Something Strange & Deadly: The Dead + Steampunk

The beautiful cover of SOMETHING STRANGE & DEADLY by Susan Dennard

Stars
Genre: YA Steampunk
Series: SOMETHING STRANGE & DEADLY #1 (Only one currently available)
Publisher: HaperTeen July 24, 2012
Author: Susan Dennard (Contributor to Publishing Crawl)

Recommended? Yes, yes, yes! It’s so clever, unique, has zombies (AKA the Dead), great twists, and amazing characters.

Goodread‘s summary:

The year is 1876, and there’s something strange and deadly loose in Philadelphia…

Eleanor Fitt has a lot to worry about. Her brother has gone missing, her family has fallen on hard times, and her mother is determined to marry her off to any rich young man who walks by. But this is nothing compared to what she’s just read in the newspaper.

The Dead are rising in Philadelphia.

Out of all the books I’ve read lately, this has to be my favorite. I loved it. Eleanor was a stellar heroine, she was strong, witty, and willing to do what needs to get done. Even though the story was set in the past (where girls were, of course, not equal with men), Eleanor didn’t let that stop her. Through the story she grew and broke out of the mold that her mother and society were trying to force her in.

The plot was brilliant. Dennard’s zombies, the Dead, are different than all the others I’ve read about. I loved the steampunk qualities added to the story, with the Spirit-Hunters, and the world that Dennard created. The pacing of the story was very good, there were a lot of high-tension moments followed by a nice (but important, plot filled) lull that allowed you to rest and not burn out.

There were small hints throughout the book how it would end, which I realized only while I stopped to think about it later, but… I was extremely surprised by some of the turns in the book. I didn’t see the end coming, yet when they happened I couldn’t help but think ‘Why hadn’t I seen that coming?!’ which just makes it ten times better. Surprises that throw me off because they weren’t already set-up in the story are just stupid, after all, but that didn’t happen here.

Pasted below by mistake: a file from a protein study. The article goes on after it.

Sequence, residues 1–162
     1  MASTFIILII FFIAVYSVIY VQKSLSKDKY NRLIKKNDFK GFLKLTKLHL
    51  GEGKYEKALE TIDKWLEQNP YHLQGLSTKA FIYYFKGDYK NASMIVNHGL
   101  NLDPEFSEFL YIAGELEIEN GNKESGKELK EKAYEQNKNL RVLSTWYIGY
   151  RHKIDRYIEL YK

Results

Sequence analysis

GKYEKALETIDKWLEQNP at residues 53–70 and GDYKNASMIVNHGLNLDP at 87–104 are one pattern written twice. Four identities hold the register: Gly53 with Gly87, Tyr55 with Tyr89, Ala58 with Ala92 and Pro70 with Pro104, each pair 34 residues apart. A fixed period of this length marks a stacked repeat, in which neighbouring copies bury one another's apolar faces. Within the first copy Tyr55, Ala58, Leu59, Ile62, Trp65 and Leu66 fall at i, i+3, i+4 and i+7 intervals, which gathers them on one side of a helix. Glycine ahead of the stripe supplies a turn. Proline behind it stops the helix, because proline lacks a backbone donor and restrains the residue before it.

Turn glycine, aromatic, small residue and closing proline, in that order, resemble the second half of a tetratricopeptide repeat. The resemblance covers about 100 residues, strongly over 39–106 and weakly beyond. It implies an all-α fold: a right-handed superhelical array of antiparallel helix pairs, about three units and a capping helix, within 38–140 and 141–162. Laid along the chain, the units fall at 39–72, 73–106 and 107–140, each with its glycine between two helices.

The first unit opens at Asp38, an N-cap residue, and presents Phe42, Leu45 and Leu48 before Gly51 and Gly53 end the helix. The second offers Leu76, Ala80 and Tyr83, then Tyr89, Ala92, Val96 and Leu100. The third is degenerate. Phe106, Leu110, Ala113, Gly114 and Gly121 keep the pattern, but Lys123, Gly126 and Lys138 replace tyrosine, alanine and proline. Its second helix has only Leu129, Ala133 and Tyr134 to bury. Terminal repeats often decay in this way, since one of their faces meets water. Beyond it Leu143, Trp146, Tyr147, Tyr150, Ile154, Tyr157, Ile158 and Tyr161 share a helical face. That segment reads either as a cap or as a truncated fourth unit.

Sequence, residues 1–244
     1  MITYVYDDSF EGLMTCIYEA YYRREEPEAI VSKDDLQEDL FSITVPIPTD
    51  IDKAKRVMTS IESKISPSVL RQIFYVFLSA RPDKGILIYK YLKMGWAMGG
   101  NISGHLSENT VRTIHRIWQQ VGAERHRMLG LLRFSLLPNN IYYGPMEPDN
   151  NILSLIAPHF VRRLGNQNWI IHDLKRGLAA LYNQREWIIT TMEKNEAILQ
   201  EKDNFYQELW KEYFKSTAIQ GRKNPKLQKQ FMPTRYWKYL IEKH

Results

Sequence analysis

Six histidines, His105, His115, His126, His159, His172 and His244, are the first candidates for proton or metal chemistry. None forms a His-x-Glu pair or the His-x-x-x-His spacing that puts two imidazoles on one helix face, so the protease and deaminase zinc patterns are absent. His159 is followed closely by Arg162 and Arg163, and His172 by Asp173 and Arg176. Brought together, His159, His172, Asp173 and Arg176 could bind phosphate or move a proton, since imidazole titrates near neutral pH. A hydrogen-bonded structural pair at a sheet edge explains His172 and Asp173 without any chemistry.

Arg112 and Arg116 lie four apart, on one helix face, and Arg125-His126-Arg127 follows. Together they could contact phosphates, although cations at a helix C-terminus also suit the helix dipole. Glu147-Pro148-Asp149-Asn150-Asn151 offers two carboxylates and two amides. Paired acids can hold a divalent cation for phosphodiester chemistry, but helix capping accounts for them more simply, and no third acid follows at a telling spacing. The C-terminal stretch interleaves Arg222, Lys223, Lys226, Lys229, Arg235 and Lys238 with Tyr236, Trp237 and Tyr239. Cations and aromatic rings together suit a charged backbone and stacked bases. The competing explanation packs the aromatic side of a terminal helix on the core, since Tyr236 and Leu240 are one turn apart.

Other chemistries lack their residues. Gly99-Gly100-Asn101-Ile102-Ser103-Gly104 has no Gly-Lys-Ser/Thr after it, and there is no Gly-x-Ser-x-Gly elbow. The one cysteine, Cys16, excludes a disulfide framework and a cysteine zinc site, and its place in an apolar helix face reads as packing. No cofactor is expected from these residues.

There were two love interests in the story, Clarence and Daniel, but even so there really wasn’t a love triangle. They were rivals–or at least didn’t act like it–which I liked. There were just choices that Eleanor had to make. Both boys were their own characters, different and layered, but I really loved Daniel. It’s always important for me to actually want the characters to end up together, and that happened in this story. I’ve read a few books where I just felt ‘meh’ about the romantic relations, but this book had my dying for Daniel and Eleanor to get together.

Just a quick warning: as soon as I started to read this book, I couldn’t stop. It took up my entire Saturday afternoon. Make sure you don’t have a full schedule or else you’re going to have some issues…

The worst thing about this book is that it’s part of a trilogy… and they aren’t all out yet! I cannot wait to read the next in the series. I couldn’t stop thinking about this book after I was done — which is, really, a sign of a good story. There were so many layers, wonderful characters, and a brilliant leading-lady.

I really, really loved this book and you really, really, really need to read it. Trust me.

Bad Taste In Boys: Geek v. Zombies

bad taste in boys

Cover found at Library Thing

Stars:
Genre: YA Thriller
Author: Carrie Harris
Recommended? Yes. Zombies + Strong Heroine Geek + Fast Pace = Awesome.